For decades the Food and Drug Administration has been in charge of approving dental care products categorized as medical instruments. The government agency has a long history of approving dental care products such as fluoride, toothbrushes and dental X-rays and is in charge of regulating dental treatments such as dental braces, professional grade tooth whitening, cosmetic dentistry and materials used in dental fillings to treat cavities. The agency has just released new warnings about some products currently on the market.
Practicing daily oral hygiene is an essential part of dental care and the consumer marketplace is filled with countless options up for the job. In order to streamline the process, many individuals only shop for dental care tools including toothbrushes and toothpastes featuring the FDA seal of approval. Even after a product has been approved and is on sale, the FDA keeps a watchful eye on consumer complaints to see if any warning, recalls or retractions of their approval are in order. Here are some recommendations issued by the agency.
One electric toothbrush has just received an official warning from the organization. As it turns out, the Arm & Hammer Spinbrush (AKA Crest Spinbrush before 2009) is one dental care device that should be swapped out for a conventional toothbrush as there have multiple reports of how various toothbrush parts have been popping off during use chipping teeth, presenting a choking hazard and causing eye and facial injury.
In general, electric toothbrushes are considered to be effective devices for removing dental plaque and promoting dental health. The devices were first created as a tool to allow individuals with special needs the ability to brush their teeth with ease. Over time, the devices went mainstream and there are dozens of choices, however this particular Spinbrush should not be one of them.
According to the FDA, the problem has stemmed from the fact that adult versions of the toothbrushes have had the head come off while brushing. "In some cases, the brush head popped off to expose metal pieces underneath that can—and have—poked individuals in the cheek and areas near the eyes, causing injuries," (http://www.fda.gov/ForConsumers/ConsumerUpdates/ucm291790.htm).
While the children's brushes are designed so the head stays in place and are adorned with characters such as Spiderman and Thomas and Friends "Problems with the Spinbrush for Kids have also been reported, such as cut lips, burns from the batteries, and bristles falling off and lodging in a child’s tonsils," (www.fda.gov/ForConsumers/ConsumerUpdates/ucm291790.htm).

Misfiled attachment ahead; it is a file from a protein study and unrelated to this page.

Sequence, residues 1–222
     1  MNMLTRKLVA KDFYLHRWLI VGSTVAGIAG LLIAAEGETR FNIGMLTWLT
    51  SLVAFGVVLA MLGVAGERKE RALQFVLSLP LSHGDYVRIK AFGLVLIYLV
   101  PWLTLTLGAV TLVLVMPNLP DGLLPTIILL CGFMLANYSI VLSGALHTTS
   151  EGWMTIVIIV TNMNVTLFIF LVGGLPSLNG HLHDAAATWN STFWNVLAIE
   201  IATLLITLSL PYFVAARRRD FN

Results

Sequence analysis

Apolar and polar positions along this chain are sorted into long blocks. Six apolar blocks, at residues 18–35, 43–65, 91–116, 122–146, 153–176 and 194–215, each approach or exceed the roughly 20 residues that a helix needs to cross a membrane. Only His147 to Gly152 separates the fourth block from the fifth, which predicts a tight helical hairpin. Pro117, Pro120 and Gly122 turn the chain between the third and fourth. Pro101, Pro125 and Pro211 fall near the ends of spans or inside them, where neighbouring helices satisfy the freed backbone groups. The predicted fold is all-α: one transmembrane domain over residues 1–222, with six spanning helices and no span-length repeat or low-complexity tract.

Crest Pro-Health mouthwash has been promoted as being a complete mouth rinse for several years. According to the product website there are a total of six benefits to using this particular brand of mouthwash. However, since that particular product has hit the shelves with their FDA Seal of Approval, the product has caused a slew of consumer complaints such as tooth discoloration and suppressing the ability of taste buds and the tongue from doing their job.
When the product first hit shelves, May people were encourage as the mouthwash is alcohol free. 1-800-DENTIST has stated "Unfortunately, alcohol-containing mouth rinses can cause a burning sensation for some patients," and have suggested that alcohol mouthwashes may cause more harm than good as they can dry out a mouth and trigger dental problems including bad breath and tooth decay. Compared to the problems caused by the mouthwash, those issues seem miniscule.
The most recent complaint about the product was posted on consumer website, Consumerist.com. One person submitted a formal complaint to the organization as their mother no longer could taste and enjoy her food. When they researched that specific product online the found thousands complaints regarding the products tooth-staining abilities (http://consumerist.com/2012/02/crest-pro-health-mouthwash-still-taking-out-tastebuds.html). As a result, the watchdog group suggested submitting a formal complaint directly to the FDA (http://www.fda.gov/Safety/ReportaProblem/ucm059044.htm).
Crest is not the only dental care product manufacturer being watched by the FDA. In 2010, the FDA sent a warning letter to several mouthwash manufactures in response to a series of advertisements making false claims in regards to the rinses ability to fight dental plaque and gum disease. Johnson and Johnson, Walgreens and CVS were all cited for there erroneously claims and the FDA called them out for not conducting the necessary research and science to prove their claim.
Individuals concerned that their FDA approved product may not be the best option can begin the process by searching out any negative information on the Internet. Then, a face-to-face conversation with a dentist will not only reveal the truth about the products, but can also expose patients to options that are better. Those in need of a dentist simply have to call 1-800-DENTIST, 24/7 to get the name of a great, local dentist up to the task.